We got up before the sun on our second day in town because we wanted to explore the Chaco National Park, known, according to Lonely Planet, for its wildlife. The bus ride took about an hour longer than expected -- three in total. When we arrived, the man at the park administration building said there were no horses at all allowed in the park and that the only way to get to the isolated place was to walk another 5 kilometers or hire a taxi. Since we'd bought bus tickets to another town for that night, it turned out there was only one bus we could take back to town and it would leave two hours after we arrived.
We went across the street to a tiny grocery store where we bought the only premade thing they had, a roll filled half with ham and cheese and half with dulce de leche.
So we took a taxi (a 1980-something black car that shook while sitting still driven by a teenage boy)and walked around the longest trail in the park, which took 45 minutes. Before we set out, we opened the roll we bought at the store. It turned out to be a foam-like roll of dough without any of the filling pictured on the wrapper or listed in what turned out to be ingredients for recipes. Then we got back in the "taxi" and waited for the bus.
The same driver who dropped us off, picked us up again.
We finished the day with milanesa and ice cream before boarding a bus to Mercedes, Argentina in the state of Corrientes. We arrived to a hostel at about 11 p.m. We made arrangements with Graciela the next morning to take a trip into the Esteros del Iberá, a provincial park known for its exotic wildlife. Few travelers have ever heard of the park, which was created only 20 years ago.
We took a long rocky bus ride down a dirt road at 1 p.m. and arrived in the tiny town of Carlos Pelegrini. The roads through the town and around the edges of its central square were a soft red sand, giving the impression that one might be able to rub out the border of the park with a strong breeze.
We settled into one of the rooms at a house turned hotel, stuffed with five beds, and then set out on our first sightseeing excursion in the park. Ricardo guided a German girl named Theresa, Illa and me through the marshlands shortly before sunset.
It was an amazing boat ride. Ricardo slowed once we reached the grassy banks of one of the area's floating islands and pointed out a big black caiman. Once she knew what she was looking for, Illa pointed out dozens of others soaking up the sunlight and sitting still, just waiting for prey to pass within snapping distance. They conserve energy in the winter, moving little, Ricardo explained.
A few minutes later, we came upon a marsh deer moving smoothly through the grass in perfect late afternoon light. And just when we thought it couldn't get any better, we found a family of capybaras, the world's largest rodents. They're like rats twice the size of large dogs.
As we sped back toward shore, we all took turns snapping each others pictures in front of the brilliant purple sunset.
Ricardo explained that the town and the park hadn't been prepared for tourists. It was just a dusty little town in the middle of the blank planes of northeastern Argentina. There was nothing around for miles and miles and miles. But people had hunted the animals to near extinction and a group decided the area needed to be preserved and established a provincial park. It's Corrientes' only state park. Slowly, tourists have trickled in. Every year there are more and more people, Ricardo said.
The state sent tourism professionals and instructors to the town to train the 600 people living there to be guides and hotel owners and chefs and waiters, Ricardo said.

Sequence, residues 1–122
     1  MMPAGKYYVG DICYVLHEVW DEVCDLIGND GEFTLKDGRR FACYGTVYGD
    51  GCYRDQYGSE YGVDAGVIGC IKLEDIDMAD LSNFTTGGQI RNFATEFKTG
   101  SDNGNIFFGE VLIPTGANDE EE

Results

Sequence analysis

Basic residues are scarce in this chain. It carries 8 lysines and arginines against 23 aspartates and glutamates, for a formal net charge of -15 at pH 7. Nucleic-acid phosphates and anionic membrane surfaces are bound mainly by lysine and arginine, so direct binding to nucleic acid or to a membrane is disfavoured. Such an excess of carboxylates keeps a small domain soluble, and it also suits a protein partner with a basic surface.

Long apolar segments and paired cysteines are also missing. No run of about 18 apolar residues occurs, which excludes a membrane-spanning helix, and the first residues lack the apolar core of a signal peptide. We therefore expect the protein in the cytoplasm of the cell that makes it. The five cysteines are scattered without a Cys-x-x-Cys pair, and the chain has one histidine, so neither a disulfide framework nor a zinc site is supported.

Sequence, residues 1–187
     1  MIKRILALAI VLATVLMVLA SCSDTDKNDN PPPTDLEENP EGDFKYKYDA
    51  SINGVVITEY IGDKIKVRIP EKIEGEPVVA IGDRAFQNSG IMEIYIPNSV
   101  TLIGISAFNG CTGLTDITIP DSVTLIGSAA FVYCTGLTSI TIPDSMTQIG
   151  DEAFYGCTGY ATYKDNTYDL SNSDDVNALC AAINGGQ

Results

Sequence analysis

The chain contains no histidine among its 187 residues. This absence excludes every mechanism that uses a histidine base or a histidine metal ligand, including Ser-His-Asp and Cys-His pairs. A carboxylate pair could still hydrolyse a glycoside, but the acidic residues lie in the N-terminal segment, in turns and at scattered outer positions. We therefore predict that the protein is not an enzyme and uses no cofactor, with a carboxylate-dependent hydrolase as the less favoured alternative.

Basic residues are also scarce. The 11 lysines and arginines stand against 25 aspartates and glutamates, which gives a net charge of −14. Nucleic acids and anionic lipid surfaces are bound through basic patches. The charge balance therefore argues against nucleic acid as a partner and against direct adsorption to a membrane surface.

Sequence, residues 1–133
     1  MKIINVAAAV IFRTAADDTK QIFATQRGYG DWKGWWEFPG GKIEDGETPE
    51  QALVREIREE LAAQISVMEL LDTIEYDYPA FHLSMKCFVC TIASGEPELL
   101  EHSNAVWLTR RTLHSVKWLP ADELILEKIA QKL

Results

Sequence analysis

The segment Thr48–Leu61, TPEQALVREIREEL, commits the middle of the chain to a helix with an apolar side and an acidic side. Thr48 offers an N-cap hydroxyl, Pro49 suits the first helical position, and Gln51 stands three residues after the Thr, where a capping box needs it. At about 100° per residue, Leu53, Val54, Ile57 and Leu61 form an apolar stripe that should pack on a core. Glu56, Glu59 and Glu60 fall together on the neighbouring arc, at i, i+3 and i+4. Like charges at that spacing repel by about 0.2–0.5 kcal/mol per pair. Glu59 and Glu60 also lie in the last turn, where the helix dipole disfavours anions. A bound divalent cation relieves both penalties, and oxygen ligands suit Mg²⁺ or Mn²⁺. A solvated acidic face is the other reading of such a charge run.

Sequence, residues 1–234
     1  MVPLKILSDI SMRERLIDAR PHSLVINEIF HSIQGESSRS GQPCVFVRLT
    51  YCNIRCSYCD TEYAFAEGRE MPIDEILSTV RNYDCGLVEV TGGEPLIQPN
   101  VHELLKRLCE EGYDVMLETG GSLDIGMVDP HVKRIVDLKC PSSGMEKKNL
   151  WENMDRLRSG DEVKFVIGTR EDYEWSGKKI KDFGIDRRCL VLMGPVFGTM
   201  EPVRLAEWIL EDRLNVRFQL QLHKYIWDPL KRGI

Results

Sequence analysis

That night we walked up the sand street to another house turned restaurant and ordered from the oldest son/waiter. His mother prepared the food for us, we paid and went back to our room to read and go to bed early.
The next day, David took us on a walking tour through the jungle area, pointing out monkeys in the trees. There are 12 different types of monkeys in the area, he said.
And, at last we got to ride horses. Illa and I trotted through the grass lands outside of the town, looking at colorful birds and giant ant hills. Our guide, Carlos, said the ants dig up the earth to get to the nutrient rich soil below, serving as natural rototillers. The field was once used to grow rice, which is what his father did for a living--worked in the rice fields outside of town. Carlos had worked there too. But there hadn't been much rice production in the area in recent years because prices were too low.
But prices have risen and he said the people will probably plant new rice fields again this year. In the meantime, the town had changed. He is only 24, but remembers that since he started working there was no work for women in the town. And now that the tourists are coming, there's more work for women than there is for men.
After our horse ride, we showered and then loaded into Hugo's truck. Hugo provides transportation for tourists and had taken us all over town already. Now he carried Maider from California, Illa and me two and a half hours down dirt roads to Virasoro where we would catch a night bus back to Iguazu.
We had to arrive before 8 p.m. to get our tickets though the bus didn't leave until 1:30 a.m. We wandered around the town and stopped at the cultural center. We asked if there was anything interesting there for tourists and Maria walked us down the street and opened the town's little history museum just for us. She gave a us a private tour of the tiny space, showing us relics from the Guarani people. She opened a glass case, picked up a hatchet and handed it to us to hold. It came from about 1100 BC, she said.
The Guarani are the only prehistoric civilization still thriving. There are many Guarani in northern Argentina and Paraguay.
We finished our long layover with an exquisite Argentinian barbecue.
I left Illa at the airport in Iguazu and boarded a bus to Sao Paulo, Brazil. I was the only backpacker on the bus.
Now I'm exploring this city with my friend Ronaldo who lives here. We met in Buenos Aires and he invited me. It's an incredibly huge city with buildings and buildings as far as the eye can see. But it's still not a common tourist destination.
We're off to Peru together on Friday.